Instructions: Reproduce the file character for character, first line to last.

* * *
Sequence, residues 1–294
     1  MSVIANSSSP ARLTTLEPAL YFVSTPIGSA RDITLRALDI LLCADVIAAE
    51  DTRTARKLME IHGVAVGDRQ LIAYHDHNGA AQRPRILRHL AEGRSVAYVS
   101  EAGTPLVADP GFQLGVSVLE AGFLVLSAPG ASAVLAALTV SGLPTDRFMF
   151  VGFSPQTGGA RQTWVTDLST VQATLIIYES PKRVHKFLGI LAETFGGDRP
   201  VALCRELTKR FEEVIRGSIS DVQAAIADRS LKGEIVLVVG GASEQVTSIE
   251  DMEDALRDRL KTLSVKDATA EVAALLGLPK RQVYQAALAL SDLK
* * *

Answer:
Sequence, residues 1–294
     1  MSVIANSSSP ARLTTLEPAL YFVSTPIGSA RDITLRALDI LLCADVIAAE
    51  DTRTARKLME IHGVAVGDRQ LIAYHDHNGA AQRPRILRHL AEGRSVAYVS
   101  EAGTPLVADP GFQLGVSVLE AGFLVLSAPG ASAVLAALTV SGLPTDRFMF
   151  VGFSPQTGGA RQTWVTDLST VQATLIIYES PKRVHKFLGI LAETFGGDRP
   201  VALCRELTKR FEEVIRGSIS DVQAAIADRS LKGEIVLVVG GASEQVTSIE
   251  DMEDALRDRL KTLSVKDATA EVAALLGLPK RQVYQAALAL SDLK